The International Workshop on "Single Molecule Spectroscopy and Ultra Sensitive Analysis in the Life Sciences" organized by PicoQuant GmbH celebrated its 15th anniversary this year. It was successfully held from September 15-18, 2009 at the WISTA Campus in Berlin-Adlershof, Germany.
The aim of this annual workshop is to provide an interdisciplinary platform for users as well as developers from Physics, Chemistry and Biology to share their experience, exchange information and report their recent findings and developments in the rapidly evolving field of ultrasensitive optical detection and microscopy down to the single-molecule level. Due to the tremendous technical developments in the recent years it has become possible to detect, identify, track, and manipulate single molecules in an ambient environment or even in a live cell. Single-molecule approaches have changed the way many problems, especially in biology, are addressed, and new knowledge derived from these approaches continues to emerge.
Today, single molecules can be detected using widefield and confocal fluorescence microscopy, scanning optical nearfield microscopy (SNOM), atomic force microscopy (AFM) or Raman scattering. Even superresolution measurements below Abbe's classical diffraction limit are possible with classical light microscopes using techniques like stimulated emission depletion microscopy (STED), photo-activated localization microscopy (PALM) or stochastic optical reconstruction microscopy (STORM).
Many of the latest results obtained with these methods where presented at the 15th anniversary workshop, which was celebrated by opening one afternoon session to the public. This “open afternoon”, which attracted more than 40 additional listeners from the local campus, included as a highlight a plenary talk given by the 2009 Otto-Hahn-Preis winner Stefan W. Hell (MPI Göttingen, Germany) about „Far-field optical nanoscopy“.
Overall, the 15th workshop was an outstanding event. It brought together the top researches in this field from all over the world. More than 170 participants enjoyed additional plenary lectures, given by Toshio Yanagida (University of Osaka, Japan) and W.E. Moerner (University of Stanford, USA) as well as 44 highly up-to-date talks. Latest results where discussed during two poster sessions with more than 70 Posters and the informal gatherings during the reception and course dinner lead to fruitful discussions about new ideas, projects and new networks.
In the field of microscopy development there was again a strong emphasis on high resolution techniques (Hess, Sauer, Hell) and on combined microscopy techniques to manipulate the sample for example with an AFM or optical tweezers under optical inspection (Taekjip Ha, Jan Vogelsang, Gopal Balasubramanian). Interestingly, one of the the most prominent features of single molecules, the “fluorescence blinking”, in early days used as proof for reaching the single molecule level, then just regarded as an obstacle on the way towards bright and stable dye labels, is now again the key functionality for most optical high resolution techniques (Dertinger, Thorben, Cordes).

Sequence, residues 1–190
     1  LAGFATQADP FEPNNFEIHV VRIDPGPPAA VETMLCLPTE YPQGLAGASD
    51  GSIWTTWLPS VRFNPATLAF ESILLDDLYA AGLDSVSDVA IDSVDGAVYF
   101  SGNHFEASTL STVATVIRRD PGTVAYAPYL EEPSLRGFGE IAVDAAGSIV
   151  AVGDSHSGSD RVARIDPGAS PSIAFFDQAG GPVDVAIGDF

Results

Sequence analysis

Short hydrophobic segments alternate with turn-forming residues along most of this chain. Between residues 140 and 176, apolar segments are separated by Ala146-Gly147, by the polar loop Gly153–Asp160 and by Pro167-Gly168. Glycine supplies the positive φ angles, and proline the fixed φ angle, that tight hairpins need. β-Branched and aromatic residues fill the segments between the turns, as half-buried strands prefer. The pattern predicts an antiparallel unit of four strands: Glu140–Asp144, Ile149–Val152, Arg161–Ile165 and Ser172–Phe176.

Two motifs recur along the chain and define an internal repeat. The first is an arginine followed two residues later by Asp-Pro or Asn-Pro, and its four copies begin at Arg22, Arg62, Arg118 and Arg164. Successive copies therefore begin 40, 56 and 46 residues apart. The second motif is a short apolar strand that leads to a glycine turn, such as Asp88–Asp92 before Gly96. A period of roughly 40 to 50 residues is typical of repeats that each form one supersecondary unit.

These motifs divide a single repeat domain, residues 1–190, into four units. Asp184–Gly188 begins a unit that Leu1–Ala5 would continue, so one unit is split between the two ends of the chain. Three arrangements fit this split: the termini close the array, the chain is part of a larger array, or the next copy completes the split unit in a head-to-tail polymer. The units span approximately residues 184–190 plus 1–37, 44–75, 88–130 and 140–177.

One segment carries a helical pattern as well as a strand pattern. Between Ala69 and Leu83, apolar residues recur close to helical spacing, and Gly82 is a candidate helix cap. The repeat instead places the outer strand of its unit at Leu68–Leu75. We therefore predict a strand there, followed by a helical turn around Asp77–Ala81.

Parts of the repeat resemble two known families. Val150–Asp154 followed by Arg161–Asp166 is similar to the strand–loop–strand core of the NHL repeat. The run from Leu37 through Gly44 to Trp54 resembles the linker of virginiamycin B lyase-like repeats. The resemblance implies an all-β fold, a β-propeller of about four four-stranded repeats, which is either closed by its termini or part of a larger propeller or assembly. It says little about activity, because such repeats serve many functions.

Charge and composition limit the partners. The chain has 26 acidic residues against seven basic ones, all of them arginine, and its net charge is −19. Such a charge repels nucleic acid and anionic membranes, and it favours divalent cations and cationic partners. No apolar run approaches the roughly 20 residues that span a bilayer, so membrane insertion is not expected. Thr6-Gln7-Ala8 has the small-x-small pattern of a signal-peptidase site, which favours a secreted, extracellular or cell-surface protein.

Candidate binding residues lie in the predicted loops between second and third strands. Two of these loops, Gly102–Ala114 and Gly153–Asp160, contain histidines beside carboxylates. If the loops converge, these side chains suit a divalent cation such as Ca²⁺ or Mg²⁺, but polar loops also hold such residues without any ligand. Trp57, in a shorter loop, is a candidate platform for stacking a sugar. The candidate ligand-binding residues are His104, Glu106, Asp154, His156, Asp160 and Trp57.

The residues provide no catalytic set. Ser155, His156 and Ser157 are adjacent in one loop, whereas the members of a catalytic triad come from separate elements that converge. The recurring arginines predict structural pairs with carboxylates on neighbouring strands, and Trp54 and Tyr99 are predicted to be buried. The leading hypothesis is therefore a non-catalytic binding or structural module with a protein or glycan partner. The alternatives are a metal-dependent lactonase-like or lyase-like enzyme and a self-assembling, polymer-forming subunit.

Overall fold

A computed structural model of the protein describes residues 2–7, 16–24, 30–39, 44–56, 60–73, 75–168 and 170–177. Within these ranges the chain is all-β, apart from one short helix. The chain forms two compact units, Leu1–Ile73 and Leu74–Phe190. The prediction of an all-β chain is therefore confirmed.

The workshop also showed that among more recent single molecule analysis schemes like FLCS (Hof) and Photon Antibunching (Herten) many single molecule assays and analysis procedures have been successfully transferred to regular use in commercial fluorescence microscopes (Künemuth, Krämer, Petrasek). They are now regarded as common and standard tools to study dynamics and conformations starting for example from small proteins (Schuler, Eaton) up to general questions in structural biology (Seidel).
A good tradition of the workshop is a special award of for the best student talk. As the quality of the students talks proved again to be excellent, it was impossible to nominate only one winner. The price therefore had to be split between Sebastian van de Linde (University of Bielefeld, Germany) and Stephan Uphoff (University of Oxford, UK) who each received 500 Euros.
The workshops was closed with a brief summary given by one of the single molecule pioneers, Michel Orrit from the university of Leiden. He took special emphasis on the great variety of methods (even in a combined way) now routinely used for single molecule investigations like fluorescence, scattering and AFM. Beside the traditional applications in the life sciences we saw also outstanding research results using e.g. single nanodiamonds for magnetometers, gold and silver particles for fluorescence enhancements and nanoantennas for light harvesting. In the life sciences the applications are also becoming more and more challenging. First observations of single molecules in a living mouse were reported as well as new insight to very complex protein folding processes.
Encouraged by this success the 16th workshop is already announced and will take place September 15 – 17, 2010 in Berlin-Adlershof, Germany. Details will be made available as soon as possible on the workshops website at /_workshop.htm
Please find enclosed some impressions from the workshop. The pictures can be used for publication if “Pictures provided by PicoQuant GmbH” is mentioned.
Invited speakers were the following:
- Jörg Enderlein (University of Göttingen, Germany)
- Taekjip Ha (University of Illinois, USA)
- Stefan W. Hell (MPI Göttingen, Germany)
- Sam Hess (University of Maine, USA)
- Johan Hofkens (KU Leuven, Belgium)
- Niek van Hulst (ICFO, Barcelona, Spain)
- W.E. Moerner (Stanford University, USA)
- Michel Orrit (Leiden University, The Netherlands)
- Markus Sauer (University of Bielefeld, Germany)
- Benjamin Schuler (University of Zürich, Switzerland)
- Claus A.M. Seidel (University of Düsseldorf, Germany)
- Toshio Yanagida (Osaka University, Japan)